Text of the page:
He swore to himself.  If he only had even a vague idea of where the shooter was, he could send a few rounds of his own out and help cover his egress.  He cursed his decision to bring a rifle with no scope and horrible long range ballistics.  He looped the shoulder strap of his rucksack around his foot, dragged it to himself, and put it on.  If he made it out of the cabin alive, he would need the ruck to survive the trip back to town.  He tried to think of a distraction of some kind, came up short, and prepared himself to run.  On a whim he decided to try calling Jim again, but again, there was no answer.  Hank rose to a crouch and flung the door open, staying well to one side.  On the count of three, he burst outside and rounded the right side corner of the structure.  He ran at full speed into a clothesline at neck level.  It didn’t knock him down, but it stopped him in his tracks.  Hank swore out loud and ducked under the rope, but he had already resigned himself to getting hit during the delay.  As he lurched forward again the ground gave way underneath, and he found himself in a waist-high hole that had been concealed by a carpet.  The fall knocked the wind out of him, and he turned around, gasping for breath.  If he was to die, he could at least see it coming.  He leveled the rifle forward just in case, by some miracle, his attacker could be seen.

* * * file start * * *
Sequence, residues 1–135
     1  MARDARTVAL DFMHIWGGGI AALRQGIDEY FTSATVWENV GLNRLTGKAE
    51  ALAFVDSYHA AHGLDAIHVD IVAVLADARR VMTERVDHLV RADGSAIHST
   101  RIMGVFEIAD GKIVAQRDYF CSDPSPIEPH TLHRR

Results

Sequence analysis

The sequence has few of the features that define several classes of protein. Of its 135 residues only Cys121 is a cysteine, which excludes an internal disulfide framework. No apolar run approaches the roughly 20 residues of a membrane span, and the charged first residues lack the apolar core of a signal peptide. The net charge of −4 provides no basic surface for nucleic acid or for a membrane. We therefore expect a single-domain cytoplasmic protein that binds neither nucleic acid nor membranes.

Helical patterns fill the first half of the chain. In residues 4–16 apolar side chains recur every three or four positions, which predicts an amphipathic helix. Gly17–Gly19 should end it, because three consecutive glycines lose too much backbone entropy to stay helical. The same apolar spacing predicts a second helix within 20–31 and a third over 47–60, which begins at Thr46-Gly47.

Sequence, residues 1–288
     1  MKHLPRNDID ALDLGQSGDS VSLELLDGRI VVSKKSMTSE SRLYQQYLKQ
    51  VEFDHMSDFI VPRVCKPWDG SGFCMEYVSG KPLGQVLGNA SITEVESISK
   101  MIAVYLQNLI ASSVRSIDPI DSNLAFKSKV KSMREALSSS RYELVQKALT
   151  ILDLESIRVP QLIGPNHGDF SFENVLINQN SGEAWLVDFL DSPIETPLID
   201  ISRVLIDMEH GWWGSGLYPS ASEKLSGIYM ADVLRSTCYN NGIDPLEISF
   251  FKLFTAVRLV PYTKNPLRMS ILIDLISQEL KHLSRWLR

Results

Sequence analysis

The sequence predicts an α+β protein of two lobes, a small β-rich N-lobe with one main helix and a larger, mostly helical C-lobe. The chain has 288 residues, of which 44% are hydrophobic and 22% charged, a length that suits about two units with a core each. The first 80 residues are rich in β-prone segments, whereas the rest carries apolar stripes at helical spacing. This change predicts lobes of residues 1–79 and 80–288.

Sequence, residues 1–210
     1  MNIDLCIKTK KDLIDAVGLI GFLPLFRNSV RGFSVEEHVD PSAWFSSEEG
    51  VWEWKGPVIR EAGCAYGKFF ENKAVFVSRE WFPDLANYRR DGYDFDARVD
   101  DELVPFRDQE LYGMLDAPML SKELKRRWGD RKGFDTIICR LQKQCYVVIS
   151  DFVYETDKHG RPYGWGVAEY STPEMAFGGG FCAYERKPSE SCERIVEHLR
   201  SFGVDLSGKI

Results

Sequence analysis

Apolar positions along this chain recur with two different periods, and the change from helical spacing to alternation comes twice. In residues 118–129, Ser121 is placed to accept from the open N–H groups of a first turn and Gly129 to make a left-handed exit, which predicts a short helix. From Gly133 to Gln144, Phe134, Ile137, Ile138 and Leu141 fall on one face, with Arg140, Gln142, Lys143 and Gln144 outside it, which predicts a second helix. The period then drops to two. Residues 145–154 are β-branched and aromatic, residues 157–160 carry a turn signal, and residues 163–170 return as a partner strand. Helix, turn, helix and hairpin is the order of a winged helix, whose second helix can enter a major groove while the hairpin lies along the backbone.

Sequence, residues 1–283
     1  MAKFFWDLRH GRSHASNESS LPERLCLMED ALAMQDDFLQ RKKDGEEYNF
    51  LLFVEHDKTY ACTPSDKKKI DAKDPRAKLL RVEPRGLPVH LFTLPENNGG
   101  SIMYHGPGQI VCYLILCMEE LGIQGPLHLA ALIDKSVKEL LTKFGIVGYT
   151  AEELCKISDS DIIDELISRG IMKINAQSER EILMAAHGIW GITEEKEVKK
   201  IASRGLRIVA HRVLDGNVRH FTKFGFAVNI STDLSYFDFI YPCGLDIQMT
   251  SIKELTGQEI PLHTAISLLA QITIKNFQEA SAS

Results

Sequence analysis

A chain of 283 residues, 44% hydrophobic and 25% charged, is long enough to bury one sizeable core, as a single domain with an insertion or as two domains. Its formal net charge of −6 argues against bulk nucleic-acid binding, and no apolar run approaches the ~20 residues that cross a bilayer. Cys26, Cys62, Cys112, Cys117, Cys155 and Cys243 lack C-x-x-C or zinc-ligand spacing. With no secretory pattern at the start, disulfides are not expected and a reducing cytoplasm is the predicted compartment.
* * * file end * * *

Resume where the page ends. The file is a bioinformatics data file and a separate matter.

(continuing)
Seconds turned into a full minute.  Hank got his wind back only to be overcome with anger.  The hole was too small to provide any cover, and it would take him a few seconds to extricate himself from it.  His attacker was toying with him.

“What are you waiting for?” Hank bellowed.

On a ridgeline about five hundred meters away, Hank could see some bushes shaking.  Strange sounds met his ears, then ceased.  Moments seemed like hours, but no more shots came down.  Hank could either sit here in this hole and roast to death, or give his attacker the pleasure of shooting him as he crawled out of the hole.

“Just do it already,” he muttered, and pushed himself out onto level ground.

Nothing happened.  Hank sprinted for the treeline and made it.  Once satisfied that he was well concealed, he considered his next move.  He figured he should have enough cover to make it to where he saw those bushes shaking.  With care and a little luck he might be able to sneak up on his attacker, if that’s where he was.  In any case it was in the right direction, and worth his attention on his way back to town.